NZME Ltd, the owner of New Zealand's top-selling newspaper, says the Court Of Appeals had blocked its bid to merge with Fairfax Media Ltd's New Zealand unit.
The company said its appeal against the High Court's decision to block the merger was unsuccessful. NZME had decided to contest the High Court decision last February.
The Court Of Appeals is the second highest appeals court In the country, behind the Supreme Court. NZME said it would consider the judgment and "review its options."
NZME Chief Executive Michael Boggs said he was disappointed by the decision.
The deal, first announced in 2016, would have seen NZME purchasing Fairfax's New Zealand subsidiary, Stuff Ltd.
It was initially blocked by New Zealand's competition regulator on concerns it would have led to unprecedented local media influence, a decision upheld by the country's High Court.
No injuries have been reported after a train derailed Sunday in northwest Iowa and 20 cars carrying soybean oil and sand fell into the flooded Floyd River.
Drone video from the Sioux County Sheriff's Office showed more than a dozen mangled railcars in the river.
Kiwi hip-hop trio High Beams' rise isn't slowing down anytime soon, releasing one of the most exciting albums of the year, and revealed as a headline act for the 2019 Laneway festival.
Appearing on TVNZ 1's Breakfast, two of the three members of High Beams spoke of their origins as a group, and their path to becoming one of New Zealand music's most exciting acts.
"We're all mates, we're mates before the music all came together," member Illbaz said.
High Beams came together from Melo and Raiza - who's absent today. They do mentoring and youth programmes at the Wesley Community Centre.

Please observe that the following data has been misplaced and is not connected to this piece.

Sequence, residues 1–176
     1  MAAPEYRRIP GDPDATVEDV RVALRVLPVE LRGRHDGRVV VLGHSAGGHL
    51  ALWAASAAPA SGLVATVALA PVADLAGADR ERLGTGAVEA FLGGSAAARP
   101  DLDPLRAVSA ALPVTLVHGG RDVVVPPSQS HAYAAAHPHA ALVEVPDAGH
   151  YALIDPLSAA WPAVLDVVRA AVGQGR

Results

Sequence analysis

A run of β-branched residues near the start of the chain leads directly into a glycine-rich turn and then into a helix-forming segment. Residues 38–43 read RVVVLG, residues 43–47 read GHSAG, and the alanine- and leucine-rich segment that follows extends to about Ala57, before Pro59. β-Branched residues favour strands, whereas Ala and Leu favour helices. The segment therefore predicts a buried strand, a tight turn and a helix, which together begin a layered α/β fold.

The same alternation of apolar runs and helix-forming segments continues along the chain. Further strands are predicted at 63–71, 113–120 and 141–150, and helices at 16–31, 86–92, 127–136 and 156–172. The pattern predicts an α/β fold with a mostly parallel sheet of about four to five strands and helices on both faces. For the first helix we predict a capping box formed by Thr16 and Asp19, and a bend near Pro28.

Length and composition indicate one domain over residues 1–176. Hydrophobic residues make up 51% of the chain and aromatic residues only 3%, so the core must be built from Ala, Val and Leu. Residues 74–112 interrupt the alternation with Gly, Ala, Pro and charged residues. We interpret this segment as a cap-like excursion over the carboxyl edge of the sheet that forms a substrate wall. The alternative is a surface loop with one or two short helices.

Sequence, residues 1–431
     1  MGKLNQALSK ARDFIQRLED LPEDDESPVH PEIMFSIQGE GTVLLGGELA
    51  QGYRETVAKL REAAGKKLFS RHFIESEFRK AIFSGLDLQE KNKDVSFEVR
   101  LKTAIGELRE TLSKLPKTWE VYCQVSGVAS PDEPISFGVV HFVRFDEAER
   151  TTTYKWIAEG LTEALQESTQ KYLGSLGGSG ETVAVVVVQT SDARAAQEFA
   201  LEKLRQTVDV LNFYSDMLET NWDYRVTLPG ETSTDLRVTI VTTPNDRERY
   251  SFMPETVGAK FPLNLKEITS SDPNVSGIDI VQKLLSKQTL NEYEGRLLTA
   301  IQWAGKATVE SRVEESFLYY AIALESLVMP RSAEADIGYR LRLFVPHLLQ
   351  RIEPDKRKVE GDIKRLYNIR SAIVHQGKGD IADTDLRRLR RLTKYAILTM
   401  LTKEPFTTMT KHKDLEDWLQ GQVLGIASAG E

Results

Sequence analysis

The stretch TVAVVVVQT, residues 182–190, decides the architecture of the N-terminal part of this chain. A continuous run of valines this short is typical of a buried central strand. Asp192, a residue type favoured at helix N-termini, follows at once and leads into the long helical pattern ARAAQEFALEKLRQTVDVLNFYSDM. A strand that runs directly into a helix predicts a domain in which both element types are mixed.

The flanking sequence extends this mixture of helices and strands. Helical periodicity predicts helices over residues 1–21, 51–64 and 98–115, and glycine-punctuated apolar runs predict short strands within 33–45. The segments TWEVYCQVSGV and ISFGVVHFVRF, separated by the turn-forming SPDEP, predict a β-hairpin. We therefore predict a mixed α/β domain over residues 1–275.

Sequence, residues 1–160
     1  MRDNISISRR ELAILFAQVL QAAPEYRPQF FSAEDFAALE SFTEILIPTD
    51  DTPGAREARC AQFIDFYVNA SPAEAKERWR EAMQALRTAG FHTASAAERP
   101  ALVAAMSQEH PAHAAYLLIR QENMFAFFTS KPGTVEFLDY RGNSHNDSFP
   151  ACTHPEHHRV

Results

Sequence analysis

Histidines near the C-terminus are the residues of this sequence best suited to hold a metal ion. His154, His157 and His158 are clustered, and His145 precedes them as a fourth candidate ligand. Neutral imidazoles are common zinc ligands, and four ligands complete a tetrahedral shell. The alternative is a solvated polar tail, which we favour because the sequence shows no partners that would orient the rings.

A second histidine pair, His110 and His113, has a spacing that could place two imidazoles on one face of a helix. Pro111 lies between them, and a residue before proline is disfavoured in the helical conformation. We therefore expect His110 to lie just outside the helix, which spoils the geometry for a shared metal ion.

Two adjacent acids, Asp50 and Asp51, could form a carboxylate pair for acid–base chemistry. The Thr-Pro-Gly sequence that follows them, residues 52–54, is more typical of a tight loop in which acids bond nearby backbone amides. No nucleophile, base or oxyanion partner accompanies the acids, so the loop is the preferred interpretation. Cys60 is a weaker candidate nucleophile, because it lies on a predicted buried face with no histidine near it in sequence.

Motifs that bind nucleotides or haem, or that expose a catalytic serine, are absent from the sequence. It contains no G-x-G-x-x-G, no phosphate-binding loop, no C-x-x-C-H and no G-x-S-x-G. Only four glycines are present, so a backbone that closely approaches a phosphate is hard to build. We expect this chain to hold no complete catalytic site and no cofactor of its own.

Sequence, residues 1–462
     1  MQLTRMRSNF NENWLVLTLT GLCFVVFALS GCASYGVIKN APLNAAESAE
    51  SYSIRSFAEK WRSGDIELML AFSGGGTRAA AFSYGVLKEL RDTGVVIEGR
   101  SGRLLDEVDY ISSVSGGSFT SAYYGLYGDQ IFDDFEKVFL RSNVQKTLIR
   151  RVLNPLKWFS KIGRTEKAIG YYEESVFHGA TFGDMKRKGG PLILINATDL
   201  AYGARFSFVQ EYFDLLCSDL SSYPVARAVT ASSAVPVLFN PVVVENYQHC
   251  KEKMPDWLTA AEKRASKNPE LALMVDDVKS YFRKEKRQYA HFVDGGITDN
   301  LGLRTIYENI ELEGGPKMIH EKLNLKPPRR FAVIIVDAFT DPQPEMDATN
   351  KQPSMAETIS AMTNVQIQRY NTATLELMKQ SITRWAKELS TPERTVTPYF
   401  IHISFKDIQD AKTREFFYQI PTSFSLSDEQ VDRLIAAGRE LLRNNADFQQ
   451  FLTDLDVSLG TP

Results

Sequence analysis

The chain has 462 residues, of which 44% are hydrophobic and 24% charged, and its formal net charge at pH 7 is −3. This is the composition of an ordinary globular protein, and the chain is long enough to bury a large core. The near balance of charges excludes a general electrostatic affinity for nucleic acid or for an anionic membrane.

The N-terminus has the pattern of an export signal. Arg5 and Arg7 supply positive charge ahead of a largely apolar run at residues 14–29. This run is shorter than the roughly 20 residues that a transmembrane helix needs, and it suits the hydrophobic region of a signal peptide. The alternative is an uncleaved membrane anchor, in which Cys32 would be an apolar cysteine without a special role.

"I lived across the road, they would pop in after work and we would literally just make music."
The trio are a unique smorgasbord of ethnic backgrounds, containing Rwandan, Palestinian and Polynesian descent.
"It's like the hip-hop UN," Melodownz jokes.
"It's like the world news in an album."
High Beams' self-titled debut album also features collaborations with New Zealand music legend Che Fu.
Britney Spears and her ex-husband Kevin Federline have come to an agreement in their row over child support payments.
The Toxic singer had been in dispute with the dancer for several months as he wanted the amount of child support she pays for their two sons, Sean Preston, 13, and 12-year-old Jayden, increased from $US20,000 a month and they have reportedly now reached a new deal.
The terms of the agreement are confidential, but a source told The Blast that Britney has agreed to increase her monthly payments to Kevin by "thousands more".
Britney's father, Jamie Spears - who is co-conservator of her estate and has control of her financial affairs - previously offered Kevin an additional $US10,000 a month but he turned it down.
Despite seeing her earnings rise since the original agreement was reached, largely due to her Las Vegas residency, Jamie insisted Britney hadn't changed the way she looked after the children.
He also argued the Womaniser hitmaker's success has nothing to do with the needs of the children and insisted his daughter wasn't responsible for taking care of Kevin and his other children.
Despite his requests for more money, the 39-year-old reality TV star - who also has children Kori, 15, and Kaleb, 13, with ex-fiancee Shar Jackson, and Jordan, six, and Peyton, three, with wife Victoria Prince - and his lawyer didn't specify a figure and couldn't give an example of where the boys' needs weren't being met.
Kevin argued he needed the increase because he is "simply less of a 'name' and less in demand than he was in 2008" when the child support was agreed on.
When the former couple got divorced in 2007, Britney paid her ex-husband $US1.3 million, and as well as continued child support payments, he also received spousal support for several years.